While the global epidemic of Alzheimer’s disease continues to grow, new data on lower incidence in the “youngest old” from developed countries in Europe and the United States suggest the possibility of reducing risk and/or preventing the disease, according to the results of several research studies announced at the Alzheimer’s Association International Conference 2014 (AAIC 2014) in Copenhagen. Scientists suggest higher education levels and more aggressive treatment of cardiovascular disease may be key.
Pointing in the other direction, researchers reported at AAIC 2014 that incidence and prevalence of Alzheimer’s in developing countries such as Colombia, and large regions of Asia and Africa, may be severely underreported. They also raise questions about the effects of the growing incidence of obesity and diabetes in developed countries, both of which are associated with increased risk of cognitive decline and dementia.
“The good news is that recent trends in developed countries in Europe and the United States suggest that reduction and possibly even prevention of Alzheimer’s disease might be possible – but, at the same time, we must acknowledge the growing worldwide epidemic,” said Maria Carrillo, Alzheimer’s Association vice president of Medical and Scientific Relations. “We must continue efforts to halt this terrible scourge that devastates families and economies.”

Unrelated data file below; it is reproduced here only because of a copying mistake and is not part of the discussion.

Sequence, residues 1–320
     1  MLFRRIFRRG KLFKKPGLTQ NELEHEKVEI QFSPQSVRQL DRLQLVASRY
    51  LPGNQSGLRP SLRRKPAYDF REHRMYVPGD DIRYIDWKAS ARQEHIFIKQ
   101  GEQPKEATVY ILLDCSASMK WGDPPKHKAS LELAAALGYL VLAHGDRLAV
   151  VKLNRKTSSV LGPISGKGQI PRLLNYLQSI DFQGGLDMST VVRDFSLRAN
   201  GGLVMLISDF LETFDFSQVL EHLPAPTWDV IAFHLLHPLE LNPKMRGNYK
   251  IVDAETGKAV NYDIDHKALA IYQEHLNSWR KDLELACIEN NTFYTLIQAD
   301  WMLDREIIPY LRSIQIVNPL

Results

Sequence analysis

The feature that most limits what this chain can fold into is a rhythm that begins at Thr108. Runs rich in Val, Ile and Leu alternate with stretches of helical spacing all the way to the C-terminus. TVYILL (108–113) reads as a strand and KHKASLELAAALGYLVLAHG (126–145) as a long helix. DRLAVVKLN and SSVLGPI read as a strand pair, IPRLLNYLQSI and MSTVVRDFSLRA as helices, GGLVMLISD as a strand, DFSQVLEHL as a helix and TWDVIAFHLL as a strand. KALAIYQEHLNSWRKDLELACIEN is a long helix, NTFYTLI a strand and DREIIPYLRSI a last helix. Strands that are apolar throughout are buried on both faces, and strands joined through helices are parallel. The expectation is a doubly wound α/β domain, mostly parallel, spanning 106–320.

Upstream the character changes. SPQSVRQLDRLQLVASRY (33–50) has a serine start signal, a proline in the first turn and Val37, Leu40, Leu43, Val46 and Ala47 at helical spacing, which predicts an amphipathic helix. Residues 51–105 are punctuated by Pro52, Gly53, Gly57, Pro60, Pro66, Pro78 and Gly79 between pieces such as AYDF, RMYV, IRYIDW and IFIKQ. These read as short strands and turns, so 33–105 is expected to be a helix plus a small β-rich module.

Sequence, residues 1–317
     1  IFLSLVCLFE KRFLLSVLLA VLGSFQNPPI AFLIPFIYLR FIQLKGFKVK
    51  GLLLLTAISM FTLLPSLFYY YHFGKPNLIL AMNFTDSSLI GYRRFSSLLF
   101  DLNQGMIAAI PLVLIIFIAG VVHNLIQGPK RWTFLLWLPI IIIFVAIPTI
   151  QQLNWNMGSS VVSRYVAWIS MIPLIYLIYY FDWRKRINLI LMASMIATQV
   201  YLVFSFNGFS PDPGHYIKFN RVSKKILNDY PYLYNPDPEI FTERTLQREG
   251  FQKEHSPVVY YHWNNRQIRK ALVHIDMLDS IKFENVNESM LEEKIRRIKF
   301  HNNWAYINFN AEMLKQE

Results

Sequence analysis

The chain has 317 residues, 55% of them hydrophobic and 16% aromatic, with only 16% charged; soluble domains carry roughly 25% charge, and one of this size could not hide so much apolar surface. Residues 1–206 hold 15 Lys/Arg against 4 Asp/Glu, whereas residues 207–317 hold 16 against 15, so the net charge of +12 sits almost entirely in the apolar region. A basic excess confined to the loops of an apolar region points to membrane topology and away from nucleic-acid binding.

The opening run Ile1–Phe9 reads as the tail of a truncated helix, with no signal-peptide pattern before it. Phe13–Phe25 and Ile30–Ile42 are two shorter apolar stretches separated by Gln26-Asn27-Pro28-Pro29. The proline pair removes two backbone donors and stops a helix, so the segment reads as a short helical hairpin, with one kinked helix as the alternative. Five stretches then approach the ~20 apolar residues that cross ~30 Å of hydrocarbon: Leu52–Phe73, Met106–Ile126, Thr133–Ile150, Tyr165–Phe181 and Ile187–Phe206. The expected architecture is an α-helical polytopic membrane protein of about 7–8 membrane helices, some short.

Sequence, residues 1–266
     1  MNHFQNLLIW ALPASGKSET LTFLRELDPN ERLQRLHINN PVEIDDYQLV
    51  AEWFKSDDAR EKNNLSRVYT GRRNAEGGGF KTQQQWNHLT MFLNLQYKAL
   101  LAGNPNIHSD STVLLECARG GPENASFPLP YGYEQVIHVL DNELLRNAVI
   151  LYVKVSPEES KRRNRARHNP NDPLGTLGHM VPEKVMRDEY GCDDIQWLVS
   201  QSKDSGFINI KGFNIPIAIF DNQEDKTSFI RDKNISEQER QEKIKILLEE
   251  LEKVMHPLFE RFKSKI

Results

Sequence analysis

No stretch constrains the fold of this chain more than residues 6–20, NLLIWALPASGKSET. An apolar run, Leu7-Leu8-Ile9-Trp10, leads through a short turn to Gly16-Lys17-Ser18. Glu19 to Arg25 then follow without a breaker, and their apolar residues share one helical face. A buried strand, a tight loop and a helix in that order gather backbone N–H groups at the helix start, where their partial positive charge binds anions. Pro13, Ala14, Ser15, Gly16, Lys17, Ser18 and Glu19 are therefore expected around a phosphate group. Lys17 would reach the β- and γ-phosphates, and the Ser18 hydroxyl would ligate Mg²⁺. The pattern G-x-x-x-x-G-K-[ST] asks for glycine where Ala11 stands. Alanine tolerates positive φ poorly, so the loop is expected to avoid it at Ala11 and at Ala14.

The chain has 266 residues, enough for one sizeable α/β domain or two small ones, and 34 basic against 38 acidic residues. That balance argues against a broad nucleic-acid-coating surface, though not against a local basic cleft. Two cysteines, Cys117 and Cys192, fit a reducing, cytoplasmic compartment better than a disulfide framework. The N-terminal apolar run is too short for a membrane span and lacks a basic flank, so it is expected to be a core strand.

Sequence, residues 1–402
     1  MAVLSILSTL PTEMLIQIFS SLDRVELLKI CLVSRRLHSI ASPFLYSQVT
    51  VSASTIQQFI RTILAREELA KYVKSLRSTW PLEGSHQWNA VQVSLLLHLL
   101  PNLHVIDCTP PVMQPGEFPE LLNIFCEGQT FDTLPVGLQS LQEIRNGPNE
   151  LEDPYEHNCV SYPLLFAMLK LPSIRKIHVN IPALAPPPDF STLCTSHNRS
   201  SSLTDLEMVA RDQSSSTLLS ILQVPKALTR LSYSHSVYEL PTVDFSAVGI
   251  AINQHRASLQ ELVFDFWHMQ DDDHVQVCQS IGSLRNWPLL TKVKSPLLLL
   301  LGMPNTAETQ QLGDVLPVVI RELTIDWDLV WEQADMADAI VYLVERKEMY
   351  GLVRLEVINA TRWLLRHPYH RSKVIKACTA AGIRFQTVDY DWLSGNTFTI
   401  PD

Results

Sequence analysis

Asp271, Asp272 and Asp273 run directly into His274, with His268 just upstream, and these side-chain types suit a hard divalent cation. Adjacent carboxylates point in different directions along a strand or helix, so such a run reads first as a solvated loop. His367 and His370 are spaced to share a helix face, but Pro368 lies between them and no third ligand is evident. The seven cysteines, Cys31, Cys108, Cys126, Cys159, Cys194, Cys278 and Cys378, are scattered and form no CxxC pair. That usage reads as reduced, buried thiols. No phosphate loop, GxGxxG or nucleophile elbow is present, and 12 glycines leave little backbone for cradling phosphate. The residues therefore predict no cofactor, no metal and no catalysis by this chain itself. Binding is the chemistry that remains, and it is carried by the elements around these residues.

“According to new data reported at AAIC 2014, Alzheimer’s and dementia incidence and prevalence in developing countries may be much higher than previously thought, and rising rates of obesity and diabetes pose an unknown but potentially serious threat to cognitive health throughout the world. Many questions remain, and the only way we can get the answers is through more research,” Carrillo said.
There are hints in the literature that engaging in more challenging mental activities, such as higher levels of education or intellectually demanding occupations, may increase cognitive reserve and thereby reduce the risk of developing Alzheimer’s or another dementia.
With the support of the Alzheimer’s Association and the Alzheimer’s community, the United States created its first National Plan to Address Alzheimer’s Disease in 2012. The plan includes the critical goal, which was adopted by the G8 at the Dementia Summit in 2013, of preventing and effectively treating Alzheimer’s by 2025. It is only through strong implementation and adequate funding of the plan, including an additional $200 million in fiscal year 2015 for Alzheimer’s research, that we’ll meet that goal.
Date: July 15, 2014
Source: Alzheimer’s Association
Filed Under: Drug Discovery